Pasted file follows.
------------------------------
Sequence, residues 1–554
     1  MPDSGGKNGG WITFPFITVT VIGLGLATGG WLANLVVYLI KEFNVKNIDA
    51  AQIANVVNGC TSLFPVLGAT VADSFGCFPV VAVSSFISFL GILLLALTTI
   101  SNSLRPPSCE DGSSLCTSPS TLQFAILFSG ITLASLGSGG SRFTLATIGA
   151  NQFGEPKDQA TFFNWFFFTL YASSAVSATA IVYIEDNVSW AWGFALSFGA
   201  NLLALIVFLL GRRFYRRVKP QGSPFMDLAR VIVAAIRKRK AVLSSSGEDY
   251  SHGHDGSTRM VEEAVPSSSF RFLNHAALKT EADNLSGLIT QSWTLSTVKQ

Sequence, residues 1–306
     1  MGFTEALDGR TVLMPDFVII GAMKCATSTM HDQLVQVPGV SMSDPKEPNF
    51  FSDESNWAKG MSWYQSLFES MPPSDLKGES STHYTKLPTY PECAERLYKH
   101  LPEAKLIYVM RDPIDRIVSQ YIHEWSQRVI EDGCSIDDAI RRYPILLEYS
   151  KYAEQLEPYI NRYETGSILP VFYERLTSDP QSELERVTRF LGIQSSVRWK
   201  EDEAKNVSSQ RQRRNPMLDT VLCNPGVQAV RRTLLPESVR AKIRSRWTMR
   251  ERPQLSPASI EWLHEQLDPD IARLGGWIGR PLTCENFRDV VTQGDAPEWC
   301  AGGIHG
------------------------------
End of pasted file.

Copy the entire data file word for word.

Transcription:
Sequence, residues 1–554
     1  MPDSGGKNGG WITFPFITVT VIGLGLATGG WLANLVVYLI KEFNVKNIDA
    51  AQIANVVNGC TSLFPVLGAT VADSFGCFPV VAVSSFISFL GILLLALTTI
   101  SNSLRPPSCE DGSSLCTSPS TLQFAILFSG ITLASLGSGG SRFTLATIGA
   151  NQFGEPKDQA TFFNWFFFTL YASSAVSATA IVYIEDNVSW AWGFALSFGA
   201  NLLALIVFLL GRRFYRRVKP QGSPFMDLAR VIVAAIRKRK AVLSSSGEDY
   251  SHGHDGSTRM VEEAVPSSSF RFLNHAALKT EADNLSGLIT QSWTLSTVKQ

Sequence, residues 1–306
     1  MGFTEALDGR TVLMPDFVII GAMKCATSTM HDQLVQVPGV SMSDPKEPNF
    51  FSDESNWAKG MSWYQSLFES MPPSDLKGES STHYTKLPTY PECAERLYKH
   101  LPEAKLIYVM RDPIDRIVSQ YIHEWSQRVI EDGCSIDDAI RRYPILLEYS
   151  KYAEQLEPYI NRYETGSILP VFYERLTSDP QSELERVTRF LGIQSSVRWK
   201  EDEAKNVSSQ RQRRNPMLDT VLCNPGVQAV RRTLLPESVR AKIRSRWTMR
   251  ERPQLSPASI EWLHEQLDPD IARLGGWIGR PLTCENFRDV VTQGDAPEWC
   301  AGGIHG